United States District Court, D. Nebraska
MEMORANDUM AND ORDER
Richard G. Kopf Senior United States District Judge.
closed federal habeas matter under 28 U.S.C. § 2254 is
before the court on Petitioner Roger McPherson's
(“Petitioner” or “McPherson”) motion
for post-judgment relief under Rule 60(b) of the Federal
Rules of Civil Procedure. (Filing No. 16.) The
motion will be denied as untimely.
February 25, 2016, the court dismissed McPherson's
Petition for Writ of Habeas Corpus which challenged his 2001
conviction, after a jury trial, for two counts of first
degree sexual assault on a child and two counts of child
abuse. (Filing No. 14; Filing No. 15.) The
court determined the petition was untimely under 28 U.S.C.
§ 2244(d)(1)(A), and that McPherson made no showing of
actual innocence to excuse the bar of the statute of
limitations under the miscarriage-of-justice exception. In
addition, the court determined McPherson was not entitled to
equitable tolling of the limitations period as he had not
demonstrated that there were extraordinary circumstances
beyond his control making it impossible to file his federal
petition. (Filing No. 14.) The court declined to
issue a certificate of appealability, and McPherson did not
appeal the court's dismissal of his habeas petition.
October 17, 2017, McPherson filed the present motion. He asks
the court to reopen his habeas case under Rule 60(b)(2) and
(6) of the Federal Rules of Civil Procedure and sets forth
several allegations of “newly discovered
evidence” in support of his motion. All but one of the
allegations of newly discovered evidence involve
“prospective testimony” of various witnesses. The
remaining allegation asserts various errors committed by
McPherson's trial, appellate, and postconviction counsel.
Standard for Review of 60(b) Motion in Closed Habeas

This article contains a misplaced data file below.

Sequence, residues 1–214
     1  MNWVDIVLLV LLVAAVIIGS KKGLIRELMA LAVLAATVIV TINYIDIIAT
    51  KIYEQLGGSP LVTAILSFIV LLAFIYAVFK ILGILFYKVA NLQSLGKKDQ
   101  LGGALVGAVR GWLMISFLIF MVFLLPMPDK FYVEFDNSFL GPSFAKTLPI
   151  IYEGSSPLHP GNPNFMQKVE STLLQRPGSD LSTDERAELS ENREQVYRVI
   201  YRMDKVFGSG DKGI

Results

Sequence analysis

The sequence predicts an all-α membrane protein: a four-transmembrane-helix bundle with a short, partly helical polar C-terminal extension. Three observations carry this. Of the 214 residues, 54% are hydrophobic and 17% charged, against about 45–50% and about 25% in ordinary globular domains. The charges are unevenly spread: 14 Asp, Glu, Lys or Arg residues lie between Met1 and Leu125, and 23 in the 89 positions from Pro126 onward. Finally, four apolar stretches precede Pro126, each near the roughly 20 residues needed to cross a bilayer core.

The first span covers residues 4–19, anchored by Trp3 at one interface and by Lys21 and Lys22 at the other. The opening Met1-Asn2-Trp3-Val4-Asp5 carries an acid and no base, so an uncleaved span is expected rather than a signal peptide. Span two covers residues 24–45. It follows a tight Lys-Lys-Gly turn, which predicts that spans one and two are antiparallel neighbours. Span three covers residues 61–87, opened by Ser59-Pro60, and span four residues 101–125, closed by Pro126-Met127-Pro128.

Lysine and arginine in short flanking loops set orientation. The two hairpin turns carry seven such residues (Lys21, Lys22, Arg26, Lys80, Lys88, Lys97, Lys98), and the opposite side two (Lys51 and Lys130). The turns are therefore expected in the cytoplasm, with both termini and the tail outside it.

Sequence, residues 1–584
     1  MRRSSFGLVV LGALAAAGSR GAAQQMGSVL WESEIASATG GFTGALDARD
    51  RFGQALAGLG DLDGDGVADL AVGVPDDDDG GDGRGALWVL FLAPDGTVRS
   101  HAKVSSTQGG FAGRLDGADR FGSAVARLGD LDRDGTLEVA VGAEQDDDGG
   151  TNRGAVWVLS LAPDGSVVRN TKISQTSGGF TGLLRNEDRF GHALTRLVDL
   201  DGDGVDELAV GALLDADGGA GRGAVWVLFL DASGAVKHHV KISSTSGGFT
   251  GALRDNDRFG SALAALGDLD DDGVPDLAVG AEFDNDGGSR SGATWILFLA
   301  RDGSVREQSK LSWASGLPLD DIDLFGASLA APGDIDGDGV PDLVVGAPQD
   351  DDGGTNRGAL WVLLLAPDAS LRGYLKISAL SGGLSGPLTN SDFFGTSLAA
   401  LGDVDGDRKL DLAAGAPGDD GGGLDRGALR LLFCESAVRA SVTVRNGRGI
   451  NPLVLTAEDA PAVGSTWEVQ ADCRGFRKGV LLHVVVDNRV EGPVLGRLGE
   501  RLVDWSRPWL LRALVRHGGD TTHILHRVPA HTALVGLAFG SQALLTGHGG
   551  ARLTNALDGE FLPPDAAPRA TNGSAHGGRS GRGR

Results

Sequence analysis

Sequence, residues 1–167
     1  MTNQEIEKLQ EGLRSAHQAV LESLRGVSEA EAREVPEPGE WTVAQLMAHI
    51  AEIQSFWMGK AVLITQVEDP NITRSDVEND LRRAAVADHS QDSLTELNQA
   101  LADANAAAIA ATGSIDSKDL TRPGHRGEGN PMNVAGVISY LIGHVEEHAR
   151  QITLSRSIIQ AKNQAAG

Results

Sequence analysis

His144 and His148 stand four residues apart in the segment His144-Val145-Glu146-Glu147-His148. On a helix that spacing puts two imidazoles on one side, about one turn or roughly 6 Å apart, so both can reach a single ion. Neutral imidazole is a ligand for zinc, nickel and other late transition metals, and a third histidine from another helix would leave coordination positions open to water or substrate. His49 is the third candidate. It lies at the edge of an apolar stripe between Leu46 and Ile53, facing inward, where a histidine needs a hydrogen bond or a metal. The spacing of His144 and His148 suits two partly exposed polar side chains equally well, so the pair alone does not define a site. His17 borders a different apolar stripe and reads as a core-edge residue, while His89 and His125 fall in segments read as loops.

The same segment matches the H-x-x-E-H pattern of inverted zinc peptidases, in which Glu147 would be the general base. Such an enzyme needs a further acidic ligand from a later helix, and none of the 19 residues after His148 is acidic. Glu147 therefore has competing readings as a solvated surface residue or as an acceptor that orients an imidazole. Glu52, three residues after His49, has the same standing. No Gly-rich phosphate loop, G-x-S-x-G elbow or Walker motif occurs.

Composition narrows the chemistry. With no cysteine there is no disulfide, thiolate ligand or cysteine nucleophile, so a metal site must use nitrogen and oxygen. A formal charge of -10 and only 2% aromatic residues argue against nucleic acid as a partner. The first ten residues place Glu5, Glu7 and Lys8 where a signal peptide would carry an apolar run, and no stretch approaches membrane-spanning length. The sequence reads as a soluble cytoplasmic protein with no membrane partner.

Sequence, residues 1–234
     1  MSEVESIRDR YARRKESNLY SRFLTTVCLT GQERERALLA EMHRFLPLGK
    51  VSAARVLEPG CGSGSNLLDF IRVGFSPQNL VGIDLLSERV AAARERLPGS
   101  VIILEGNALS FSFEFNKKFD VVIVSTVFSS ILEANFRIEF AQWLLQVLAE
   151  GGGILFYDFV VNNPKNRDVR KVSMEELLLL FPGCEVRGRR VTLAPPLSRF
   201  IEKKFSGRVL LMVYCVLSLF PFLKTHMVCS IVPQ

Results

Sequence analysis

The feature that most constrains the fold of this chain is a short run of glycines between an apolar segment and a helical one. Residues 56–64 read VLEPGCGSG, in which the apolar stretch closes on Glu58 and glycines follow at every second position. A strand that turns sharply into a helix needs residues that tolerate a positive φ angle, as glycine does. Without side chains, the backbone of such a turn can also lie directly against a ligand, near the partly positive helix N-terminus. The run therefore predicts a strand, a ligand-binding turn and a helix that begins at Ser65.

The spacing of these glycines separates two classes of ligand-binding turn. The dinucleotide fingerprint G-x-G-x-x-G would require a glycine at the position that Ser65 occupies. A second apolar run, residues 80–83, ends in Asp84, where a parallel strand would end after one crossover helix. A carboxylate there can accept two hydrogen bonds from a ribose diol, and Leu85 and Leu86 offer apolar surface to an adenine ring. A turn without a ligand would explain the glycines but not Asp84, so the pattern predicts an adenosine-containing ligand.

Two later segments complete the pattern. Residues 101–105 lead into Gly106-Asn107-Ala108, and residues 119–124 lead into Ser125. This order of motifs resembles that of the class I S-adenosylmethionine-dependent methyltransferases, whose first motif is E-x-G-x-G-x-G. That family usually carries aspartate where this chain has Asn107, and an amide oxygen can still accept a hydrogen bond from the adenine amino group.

prisoner may file a second or successive petition under
§ 2254 only after obtaining authorization to do so from
the appropriate United States Court of Appeals. 28 U.S.C.
§ 2244(b)(3). The Eighth Circuit has directed that where
a prisoner files a Rule 60(b) motion following the dismissal
of a habeas petition, the district court should file the
motion and then conduct a brief initial inquiry to determine
whether the allegations in the Rule 60(b) motion in fact
amount to a second or successive collateral attack under 28
U.S.C. § 2254. Boyd v. United States, 304 F.3d
813, 814 (8th Cir. 2002). If the district court determines
the Rule 60(b) motion is actually a second or successive
habeas petition, it should dismiss the motion for failure to
obtain authorization from the Court of Appeals or, in its
discretion, transfer the purported Rule 60(b) motion to the
Court of Appeals. Boyd, 304 F.3d at 814.
Eighth Circuit has explained,
A Rule 60(b) motion is a second or successive habeas corpus
application if it contains a claim. For the purpose of
determining whether the motion is a habeas corpus
application, claim is defined as an “asserted federal
basis for relief from a state court's judgment of
conviction” or as an attack on the “federal
court's previous resolution of the claim on the
merits.” Gonzalez [v. Crosby], 545 U.S.
[524, ] 530, 532 [(2005)]. “On the merits”
refers “to a determination that there exist or do not
exist grounds entitling a petitioner to habeas corpus
relief under 28 U.S.C. §§ 2254(a) and (d).”
Id. at 532 n. 4, 125 S.Ct. 2641. When a Rule 60(b)
motion presents a claim, it must be treated as a second or
successive habeas petition under AEDPA [Antiterrorism and
Effective Death Penalty Act].
No claim is presented if the motion attacks “some
defect in the integrity of the federal habeas
proceedings.” Id. at 532, 125 S.Ct. 2641.
Likewise, a motion does not attack a federal court's
determination on the merits if it “merely asserts
that a previous ruling which precluded a merits
determination was in error-for example, a denial for such
reasons as failure to exhaust, procedural default, or
statute-of-limitations bar.” Id. at n.4.
Ward v. Norris, 577 F.3d 925, 933 (8th Cir. 2009)
(emphasis in original).
Petitioner's Motion is Not a Successive Petition
alleges he has newly discovered “prospective
testimony” from several different witnesses that could
not have been discovered at trial or direct appeal and would
demonstrate his actual innocence. The evidence alleged by
McPherson includes testimony from an expert witness regarding
observations of the victims, McPherson's daughters;
testimony from one of his daughters recanting her earlier
statements; testimony from hostile witnesses regarding
inconsistencies in their previous statements; and testimony
regarding discovery of missing pages of trial testimony in
the state court Bill of Exceptions. McPherson also asserts
allegations of wrongdoing and ineffective assistance by his
trial, appellate, and postconviction counsel.
construed, McPherson seeks to challenge the court's
determination that McPherson made no showing of actual
innocence to excuse the bar of the statute of limitations. To
that extent, McPherson's motion does not attack the
court's determination on the merits and does not
constitute a second or successive ...